Lake Tashmoo is fed by freshwater springs and is connected to the Vineyard Sound by an inlet that was constructed by the Army Corp of engineers in 1938. Its a relatively shallow body of water and protected from the wind. This made for perfect topwater conditions. We has a blast catching "schoolies" (18-24 inches) by either wading in or fishing from the Kayak. Danny was even able to catch several from a stand up paddle board. It was a great vacation with some excellent fishing thrown in as icing on the cake.

Danny with his 24

The Bonito

Thursday, August 2, 2012

Full Moon

The Wikipedia entry for full moon contains the following phrase "Full moons are traditionally associated with temporal insomniainsanity (hence the terms lunacy and lunatic) and various "magical phenomena" such as lycanthropy." After tonight I am not so sure that it is all simply folklore. Carter, James, and I left the marina at 6:30 tonight with high hopes of the perfect topwater night. High tide was supposed to be at 6:35, so we figured we would catch the changeover perfectly. Alas, like last night, the incoming tide was still ripping when we pulled anchor at nine. Instead of the perfect topwater night we faced nightmarish conditions with 20 knot winds and a 4 foot chop It took as at least 7 tries to get the anchor to hold. This was followed by a good old fashioned beat down by Wild Bill for anchoring where he had been trolling. Other highlights included James boating the fattest sickest fish with "wasting disease" I have ever seen, a head to toe blood splattering by a 14 incher that had been gut hooked, and me somehow catching a hook in the back while helping to remove one of Carters fish. Despite these obstacles we managed to have a very good night. James had gone back to the big Chug Bug and boated at least 6 in the 20-24 inch class. Both Carter and I boated a twenty and 22 each plus a ton of unders. For the past three nights the fish have been staging in the 6 foot drop off rather than up near the rock pile. We were all actually happy to be back in the slip with no major injuries.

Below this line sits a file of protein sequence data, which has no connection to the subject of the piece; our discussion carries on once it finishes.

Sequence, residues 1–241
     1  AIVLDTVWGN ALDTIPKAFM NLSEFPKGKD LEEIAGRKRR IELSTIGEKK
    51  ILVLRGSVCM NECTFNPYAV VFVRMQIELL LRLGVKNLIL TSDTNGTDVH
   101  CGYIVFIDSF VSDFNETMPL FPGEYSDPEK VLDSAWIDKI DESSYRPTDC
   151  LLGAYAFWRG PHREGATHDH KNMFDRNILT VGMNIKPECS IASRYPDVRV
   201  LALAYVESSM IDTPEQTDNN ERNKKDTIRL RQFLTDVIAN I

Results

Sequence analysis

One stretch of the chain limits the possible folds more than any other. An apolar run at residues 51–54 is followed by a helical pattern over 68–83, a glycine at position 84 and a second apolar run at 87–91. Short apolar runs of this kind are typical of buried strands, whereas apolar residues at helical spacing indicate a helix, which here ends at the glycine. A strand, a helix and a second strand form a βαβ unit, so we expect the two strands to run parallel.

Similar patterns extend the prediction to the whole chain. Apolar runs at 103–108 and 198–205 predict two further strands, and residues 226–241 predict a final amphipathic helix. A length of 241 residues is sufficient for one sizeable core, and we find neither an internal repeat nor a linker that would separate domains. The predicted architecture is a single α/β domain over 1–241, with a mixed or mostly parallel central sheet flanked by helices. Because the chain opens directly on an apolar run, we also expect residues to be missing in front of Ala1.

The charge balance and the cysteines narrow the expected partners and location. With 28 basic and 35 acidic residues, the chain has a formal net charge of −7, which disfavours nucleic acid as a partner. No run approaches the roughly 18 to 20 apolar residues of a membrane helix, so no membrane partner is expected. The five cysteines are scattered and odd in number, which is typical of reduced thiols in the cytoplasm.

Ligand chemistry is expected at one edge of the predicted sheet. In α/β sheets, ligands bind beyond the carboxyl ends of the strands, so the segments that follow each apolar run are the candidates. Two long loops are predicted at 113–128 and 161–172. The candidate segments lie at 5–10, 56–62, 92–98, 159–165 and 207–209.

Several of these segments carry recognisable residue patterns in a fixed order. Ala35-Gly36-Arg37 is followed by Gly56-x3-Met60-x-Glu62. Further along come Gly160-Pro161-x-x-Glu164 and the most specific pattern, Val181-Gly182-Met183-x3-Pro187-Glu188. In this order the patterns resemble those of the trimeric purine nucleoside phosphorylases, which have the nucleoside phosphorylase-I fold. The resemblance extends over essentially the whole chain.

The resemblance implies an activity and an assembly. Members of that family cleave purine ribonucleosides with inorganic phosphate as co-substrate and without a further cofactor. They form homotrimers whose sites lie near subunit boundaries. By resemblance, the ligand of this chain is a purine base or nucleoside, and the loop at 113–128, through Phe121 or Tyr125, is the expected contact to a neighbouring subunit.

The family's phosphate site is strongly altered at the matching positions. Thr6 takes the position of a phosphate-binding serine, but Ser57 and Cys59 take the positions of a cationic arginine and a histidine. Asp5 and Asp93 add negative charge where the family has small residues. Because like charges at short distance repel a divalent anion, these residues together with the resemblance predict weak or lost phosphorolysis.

One of James many keepers

My 22

Fill moon fish

Carters 22

Wednesday, August 1, 2012

Does color matter

Carter and I left the marina at a little before seven tonight. The wind and chop was a good bit lower than the last few nights. We anchored up about a hundred yards from the rock pile near the spot that had produced so well the night before. I had purchased 15 red and white Popa Doggs on my last trip to Bass Pro shops. After having the hooks shredded Sat. morning, I was down to two to start the night. I have been surfing the internet trying to find more, but they are on backlog everywhere. So, needless to say, the last two were like gold. Carter has finally been convinced that topwater is just plain better fishing than using plastics, so he went to work with the second Dogg. It did not take him long to get the night started with a respectable 20. This was followed by 2 more 20's and a extremely bloated 22,that was clearly sick. Meanwhile, I had yet to even have a swirl. Finally, as our plugs landed yards apart, we had a double blowup. I knew instantly my fish was a big one. Within seconds the drag was screaming and then just as quickly she broke me off. I was really bummed to have lost that fish and then the dark cloud showed itself again when I realized the fish had my golden ticket in its mouth,,DANG. I did have one green and white Dogg in my bag, so I tied it on. Carter continued to bail 20 inchers with the blowups occurring in exactly same spot. In the meantime the Green Dogg popped and swam through the same section of water untouched. This went on for the next five minutes before I switched over to the white Stillwater and boated a nice 22. All of the action occurred in the first 45 minutes and then the bite shut down. The only other fish we boated was the first Bluefish of the year. It was a strange tide tonight, most likely due to the full moon. The outgoing tide was a good 4 hours delayed and was very week. I guess that's why they call it a flood tide. I guess color really does matter.
Carter with his sick 22

My 22

First Bluefish of the year
Incredible sunset